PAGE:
I loved riding the bike to work and can’t wait to start it up again. Of course – it has to be mentioned – this is partially because this winter is by far the biggest bitch I have ever encountered and the CTA, as hard as it tries, cannot possibly keep up. There’s too many people, there’s too much snow, there’s too much slush, there’s problems with Ventra, everything is freezing to itself – it sucks. My commute, on a good day, should be about 30 minutes, door to door. This year? It runs between 45 minutes and an hour and a half, and that’s on a day it’s NOT snowing. Which isn’t often. So the thought of walking out my door, not almost killing myself on the stairs, getting on a bike, riding through the wind and sunshine, and arriving at work not swearing and covered in salt and slush is extraordinarily appealing.
I did not take off any weight after starting this regimen. In fact, I gained some. That was disappointing – I mean seriously, who gains weight after going from zero activity to riding a bike six miles a day? The answer is someone who carb loads as if they are training for a marathon instead of mildly exercising for 40 minutes a day. (Very mildly. I’m so slow on the bike that everyone passes me. Old people, young people, overweight tourists on the Divvy bikes – everyone.) Baked macaroni and cheese, loaded mashed potatoes, and my favorite creation entitled spaghetti monster – baked spaghetti with cream cheese and mozzarella in the sauce – this is what I lived on. Unsurprisingly, by the time Christmas rolled around, I was a giant, puffy version of myself and more closely resembled John Goodman than I ever would have liked to.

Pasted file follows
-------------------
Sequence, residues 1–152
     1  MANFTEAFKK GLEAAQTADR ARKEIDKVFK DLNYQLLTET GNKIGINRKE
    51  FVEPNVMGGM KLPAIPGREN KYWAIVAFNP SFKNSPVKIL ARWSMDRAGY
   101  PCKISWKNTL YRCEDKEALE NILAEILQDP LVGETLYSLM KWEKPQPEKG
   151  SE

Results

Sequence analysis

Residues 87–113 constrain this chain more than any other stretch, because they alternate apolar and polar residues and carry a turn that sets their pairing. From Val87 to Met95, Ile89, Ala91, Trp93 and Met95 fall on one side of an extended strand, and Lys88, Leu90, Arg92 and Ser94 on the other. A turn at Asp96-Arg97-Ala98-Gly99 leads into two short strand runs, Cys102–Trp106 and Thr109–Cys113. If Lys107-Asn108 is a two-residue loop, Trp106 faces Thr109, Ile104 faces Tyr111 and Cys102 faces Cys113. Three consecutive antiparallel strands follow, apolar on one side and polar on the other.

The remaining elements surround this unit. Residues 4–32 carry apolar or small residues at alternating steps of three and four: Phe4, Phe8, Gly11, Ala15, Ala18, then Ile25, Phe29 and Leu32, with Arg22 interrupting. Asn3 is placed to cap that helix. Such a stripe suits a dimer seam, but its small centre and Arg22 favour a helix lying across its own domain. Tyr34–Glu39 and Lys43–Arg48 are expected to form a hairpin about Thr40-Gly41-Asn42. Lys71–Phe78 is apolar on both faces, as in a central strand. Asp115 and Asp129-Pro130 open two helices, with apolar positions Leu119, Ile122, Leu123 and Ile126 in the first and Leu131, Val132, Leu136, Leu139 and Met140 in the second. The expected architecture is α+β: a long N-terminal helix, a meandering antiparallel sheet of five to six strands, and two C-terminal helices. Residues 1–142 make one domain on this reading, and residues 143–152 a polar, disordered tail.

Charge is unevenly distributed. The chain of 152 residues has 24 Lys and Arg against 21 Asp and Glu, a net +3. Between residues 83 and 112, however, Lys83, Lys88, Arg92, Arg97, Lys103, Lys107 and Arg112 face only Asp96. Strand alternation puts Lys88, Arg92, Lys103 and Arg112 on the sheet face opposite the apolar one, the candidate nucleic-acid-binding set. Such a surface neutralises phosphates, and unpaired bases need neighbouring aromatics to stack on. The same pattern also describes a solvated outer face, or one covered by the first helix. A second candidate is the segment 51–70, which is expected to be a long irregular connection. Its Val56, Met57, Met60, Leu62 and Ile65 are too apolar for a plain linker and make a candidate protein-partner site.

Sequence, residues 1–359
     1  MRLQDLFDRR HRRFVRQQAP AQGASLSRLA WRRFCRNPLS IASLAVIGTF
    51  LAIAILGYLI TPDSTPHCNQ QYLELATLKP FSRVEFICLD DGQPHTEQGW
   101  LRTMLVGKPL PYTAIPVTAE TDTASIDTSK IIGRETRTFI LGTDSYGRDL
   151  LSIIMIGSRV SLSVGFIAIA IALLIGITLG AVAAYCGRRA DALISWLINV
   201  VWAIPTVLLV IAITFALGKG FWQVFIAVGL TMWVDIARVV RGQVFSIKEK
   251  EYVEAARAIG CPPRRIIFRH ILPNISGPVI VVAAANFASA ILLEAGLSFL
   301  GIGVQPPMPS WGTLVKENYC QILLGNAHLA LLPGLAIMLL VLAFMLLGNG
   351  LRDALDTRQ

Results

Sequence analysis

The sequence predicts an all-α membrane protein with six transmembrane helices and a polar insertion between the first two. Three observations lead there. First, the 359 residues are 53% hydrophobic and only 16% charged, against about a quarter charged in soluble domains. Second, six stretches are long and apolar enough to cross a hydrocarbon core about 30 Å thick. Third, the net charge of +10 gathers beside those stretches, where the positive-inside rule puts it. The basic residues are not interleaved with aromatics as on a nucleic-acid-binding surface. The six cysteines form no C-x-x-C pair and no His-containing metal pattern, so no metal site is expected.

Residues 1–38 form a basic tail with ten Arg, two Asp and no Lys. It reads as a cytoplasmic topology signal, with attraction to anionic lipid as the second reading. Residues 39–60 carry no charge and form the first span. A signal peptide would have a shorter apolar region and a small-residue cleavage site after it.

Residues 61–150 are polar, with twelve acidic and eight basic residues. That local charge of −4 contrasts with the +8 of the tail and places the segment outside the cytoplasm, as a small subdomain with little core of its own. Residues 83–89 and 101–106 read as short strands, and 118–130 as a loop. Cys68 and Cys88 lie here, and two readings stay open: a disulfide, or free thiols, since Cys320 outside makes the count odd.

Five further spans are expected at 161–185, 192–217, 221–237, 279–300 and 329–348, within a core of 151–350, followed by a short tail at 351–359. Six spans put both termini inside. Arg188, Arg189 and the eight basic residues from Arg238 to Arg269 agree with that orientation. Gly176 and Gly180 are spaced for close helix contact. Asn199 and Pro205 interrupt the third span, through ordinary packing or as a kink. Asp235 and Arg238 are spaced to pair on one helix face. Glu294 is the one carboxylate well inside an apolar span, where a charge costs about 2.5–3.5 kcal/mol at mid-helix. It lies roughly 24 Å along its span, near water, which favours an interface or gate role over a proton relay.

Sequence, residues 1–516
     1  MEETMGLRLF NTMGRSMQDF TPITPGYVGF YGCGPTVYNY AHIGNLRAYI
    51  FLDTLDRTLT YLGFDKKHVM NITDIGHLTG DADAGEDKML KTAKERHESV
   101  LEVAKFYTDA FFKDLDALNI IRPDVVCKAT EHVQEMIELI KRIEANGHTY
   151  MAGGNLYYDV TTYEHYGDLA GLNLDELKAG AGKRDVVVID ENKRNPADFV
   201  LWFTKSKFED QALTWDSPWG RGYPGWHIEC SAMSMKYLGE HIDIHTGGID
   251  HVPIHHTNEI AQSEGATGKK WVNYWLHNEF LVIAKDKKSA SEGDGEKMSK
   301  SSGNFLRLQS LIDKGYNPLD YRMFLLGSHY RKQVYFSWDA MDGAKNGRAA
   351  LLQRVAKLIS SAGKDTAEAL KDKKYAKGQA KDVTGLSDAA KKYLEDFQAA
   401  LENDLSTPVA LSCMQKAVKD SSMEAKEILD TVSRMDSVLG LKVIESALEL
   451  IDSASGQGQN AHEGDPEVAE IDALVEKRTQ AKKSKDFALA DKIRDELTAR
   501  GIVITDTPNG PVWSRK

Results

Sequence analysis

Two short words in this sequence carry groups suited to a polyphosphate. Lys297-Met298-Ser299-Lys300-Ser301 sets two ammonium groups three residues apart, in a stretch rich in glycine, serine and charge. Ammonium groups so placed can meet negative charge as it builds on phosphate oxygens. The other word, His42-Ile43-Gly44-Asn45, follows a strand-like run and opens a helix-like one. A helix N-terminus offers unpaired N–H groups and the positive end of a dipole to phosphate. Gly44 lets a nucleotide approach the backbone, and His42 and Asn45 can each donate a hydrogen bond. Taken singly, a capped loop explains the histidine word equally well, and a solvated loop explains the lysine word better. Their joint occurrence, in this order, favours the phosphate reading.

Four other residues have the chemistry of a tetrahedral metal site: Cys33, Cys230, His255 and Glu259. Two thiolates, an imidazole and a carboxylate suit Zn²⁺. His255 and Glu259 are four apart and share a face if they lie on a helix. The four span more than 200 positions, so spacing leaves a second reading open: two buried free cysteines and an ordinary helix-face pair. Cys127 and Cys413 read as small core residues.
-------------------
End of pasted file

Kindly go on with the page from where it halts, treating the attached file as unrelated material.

Something had to give, and that something was carbs. I won’t bore you with all of the details of my newfound love affair with cauliflower as a substitute for every single thing I used to make – take a look at my Facebook and you can see plenty of that as I am, unfortunately, that person who now posts pictures of their dinner with alarming frequency. (But seriously – cauliflower pizza? Genius.) So I’d been feeling good, had taken some weight off, had more energy – all the good feels you get with eating better. And somehow, somewhere in my brain along the way, I got it in my head that I wanted to run one of the 5K’s that Chicago always hosts throughout the year.
Let’s get something straight right here. My family? We’re not runners. Even my little sister, who does run, who has run a half-marathon, who attends those terrifying-looking fitness classes that make me want to vomit just watching them – even she admits we are not runners. It’s not that we’re lazy or have never been athletic; in fact, some of my favorite memories are bike riding in the forest preserve as a family when we were younger. My sister and I always played softball or soccer, and she was a cheerleader and – believe it or not – I was in my high school dance troupe for two years.*
*People are always surprised by this. For some reason, they are never as surprised when I tell them I played the tuba. Go figure.